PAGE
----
Table 3Investment as a percentage of GDP, 1950–89
Industrial countries24.527.828.326.2
North America24.824.824.123.6
Western Europe24.129.428.925.2
Developing countries--20.324.923.5 1
Latin America17.717.520.817.2
Middle East--12.616.320.6 1
Source: Robert Summers and Alan Heston, “The Penn World Tables (Mark 5): An Expanded Set of International Comparisons,” Quarterly Journal of Economics, Vol. 108 (May 1991).


Excluding China.

Data not available.

Source: Robert Summers and Alan Heston, “The Penn World Tables (Mark 5): An Expanded Set of International Comparisons,” Quarterly Journal of Economics, Vol. 108 (May 1991).


Excluding China.

Data not available.

Developing countries. Economic growth in developing countries since World War II has been spurred by the expansion of international trade and, in part, by economic assistance from the World Bank (the IBRD and the International Development Association) and the industrial countries. However, growth experiences in the developing world have not been uniform—some regions have grown faster than others—and have differed in many respects from those of the industrial countries.

The countries of Africa and Latin America, for example, have shown the same pattern as the industrial countries of robust expansion followed by a slowdown. However, accelerated growth occurred at the end, not at the beginning, of the 1960s, and lasted through the 1970s. A more important difference is that per capita output fell in both regions—a much more dramatic outcome than in the industrial countries. The pattern in the Middle East has been similar. Recently, growth in per capita output has resumed in Latin America and the Middle East, while the decline in Africa has slowed.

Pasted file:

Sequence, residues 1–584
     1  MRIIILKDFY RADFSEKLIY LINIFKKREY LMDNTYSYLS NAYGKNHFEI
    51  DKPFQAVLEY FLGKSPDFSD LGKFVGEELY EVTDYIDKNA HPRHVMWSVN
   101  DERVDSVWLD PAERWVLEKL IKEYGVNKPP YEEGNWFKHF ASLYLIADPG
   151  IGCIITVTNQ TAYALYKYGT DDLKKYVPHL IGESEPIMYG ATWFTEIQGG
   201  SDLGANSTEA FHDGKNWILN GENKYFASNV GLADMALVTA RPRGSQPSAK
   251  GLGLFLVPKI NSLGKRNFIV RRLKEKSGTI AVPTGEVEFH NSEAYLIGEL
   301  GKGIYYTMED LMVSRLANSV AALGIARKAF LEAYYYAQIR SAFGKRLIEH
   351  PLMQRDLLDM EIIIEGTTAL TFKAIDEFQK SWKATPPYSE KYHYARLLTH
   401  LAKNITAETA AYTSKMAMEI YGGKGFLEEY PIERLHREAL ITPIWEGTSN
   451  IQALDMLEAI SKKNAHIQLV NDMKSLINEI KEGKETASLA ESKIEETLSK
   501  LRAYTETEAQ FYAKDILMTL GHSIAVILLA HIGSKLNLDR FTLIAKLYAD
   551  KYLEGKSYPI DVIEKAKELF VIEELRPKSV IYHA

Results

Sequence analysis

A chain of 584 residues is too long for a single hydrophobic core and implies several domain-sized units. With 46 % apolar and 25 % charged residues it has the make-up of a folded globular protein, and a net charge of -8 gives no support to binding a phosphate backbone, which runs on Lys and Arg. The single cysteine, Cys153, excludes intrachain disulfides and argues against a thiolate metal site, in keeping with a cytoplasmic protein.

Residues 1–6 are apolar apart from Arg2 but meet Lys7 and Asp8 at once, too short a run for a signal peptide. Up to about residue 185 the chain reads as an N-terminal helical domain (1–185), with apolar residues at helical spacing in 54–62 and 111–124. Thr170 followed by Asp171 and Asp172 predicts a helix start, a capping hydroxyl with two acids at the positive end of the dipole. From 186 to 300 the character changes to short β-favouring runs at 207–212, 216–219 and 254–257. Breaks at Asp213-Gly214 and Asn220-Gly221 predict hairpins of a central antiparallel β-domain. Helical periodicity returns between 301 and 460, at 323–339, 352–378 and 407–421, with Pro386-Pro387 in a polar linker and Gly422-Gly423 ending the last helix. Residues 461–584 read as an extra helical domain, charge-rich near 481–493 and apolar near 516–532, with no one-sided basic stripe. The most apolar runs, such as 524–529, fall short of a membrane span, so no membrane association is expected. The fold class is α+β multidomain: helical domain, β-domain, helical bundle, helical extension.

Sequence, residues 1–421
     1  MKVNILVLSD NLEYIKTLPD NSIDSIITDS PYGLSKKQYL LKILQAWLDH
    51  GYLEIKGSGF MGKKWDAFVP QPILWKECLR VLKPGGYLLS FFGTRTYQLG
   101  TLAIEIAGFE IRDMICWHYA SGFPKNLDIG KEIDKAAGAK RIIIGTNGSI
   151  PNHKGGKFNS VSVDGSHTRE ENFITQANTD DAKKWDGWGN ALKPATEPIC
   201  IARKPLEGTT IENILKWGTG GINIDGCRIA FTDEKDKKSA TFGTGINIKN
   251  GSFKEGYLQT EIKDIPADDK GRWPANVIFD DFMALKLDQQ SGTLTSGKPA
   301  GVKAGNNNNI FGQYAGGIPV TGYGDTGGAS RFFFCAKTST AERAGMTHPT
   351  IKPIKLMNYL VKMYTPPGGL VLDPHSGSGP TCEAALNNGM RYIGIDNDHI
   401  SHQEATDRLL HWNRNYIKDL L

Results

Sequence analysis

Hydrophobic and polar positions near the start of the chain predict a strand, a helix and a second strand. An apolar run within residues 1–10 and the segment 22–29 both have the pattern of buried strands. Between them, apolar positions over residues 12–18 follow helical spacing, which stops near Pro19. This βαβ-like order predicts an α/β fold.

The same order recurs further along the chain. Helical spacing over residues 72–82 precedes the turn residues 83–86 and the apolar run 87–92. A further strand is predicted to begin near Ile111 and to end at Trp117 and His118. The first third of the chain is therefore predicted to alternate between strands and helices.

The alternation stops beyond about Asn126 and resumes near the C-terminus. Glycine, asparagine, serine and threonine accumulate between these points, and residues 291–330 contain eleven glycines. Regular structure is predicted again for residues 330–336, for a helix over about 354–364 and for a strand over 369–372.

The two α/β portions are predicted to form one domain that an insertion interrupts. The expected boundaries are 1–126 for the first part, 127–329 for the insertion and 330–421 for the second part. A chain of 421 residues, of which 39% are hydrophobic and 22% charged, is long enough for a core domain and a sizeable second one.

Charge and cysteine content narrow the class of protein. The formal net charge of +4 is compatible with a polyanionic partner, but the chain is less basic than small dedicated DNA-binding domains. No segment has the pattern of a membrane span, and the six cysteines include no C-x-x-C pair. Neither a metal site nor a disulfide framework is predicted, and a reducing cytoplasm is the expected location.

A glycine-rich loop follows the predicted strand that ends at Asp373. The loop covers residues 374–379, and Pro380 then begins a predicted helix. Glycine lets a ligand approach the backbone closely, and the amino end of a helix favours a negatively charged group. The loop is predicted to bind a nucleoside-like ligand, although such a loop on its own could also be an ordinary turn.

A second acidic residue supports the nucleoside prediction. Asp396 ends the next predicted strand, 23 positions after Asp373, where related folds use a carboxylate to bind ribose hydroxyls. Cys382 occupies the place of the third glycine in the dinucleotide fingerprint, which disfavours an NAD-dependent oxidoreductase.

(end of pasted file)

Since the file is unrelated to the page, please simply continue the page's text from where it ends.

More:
The slower pace of economic growth in the early 1980s in Africa and Latin America reflects several interrelated factors, of which the most important are the decline in real commodity prices, the debt crisis, the rise in world real interest rates, and civil strife. Depressed and highly volatile real commodity prices continue to have a negative effect, particularly in Africa, although the problems of limited access to international capital markets caused by the debt crisis in the 1980s appear to have been largely resolved. External problems have often been exacerbated by poor economic management, characterized by excessive government interference in the economy; relative price distortions; inward-oriented trade policies; and unsustainable levels of inflation and government borrowing.

In contrast, economic growth in Asia was sustained throughout the 1980s and, if anything, has accelerated over time. This is particularly true in the newly industrializing economies of East Asia (Hong Kong, Indonesia, the Republic of Korea, Malaysia, Singapore, Taiwan Province of China, and Thailand), where annual growth in per capita output accelerated sharply in the late 1960s and reached an average of 5.5 percent in the 1970s and 1980s. Several of these economies have already caught up with some industrial countries, and per capita incomes in East Asia have now overtaken those in Latin America and the Middle East.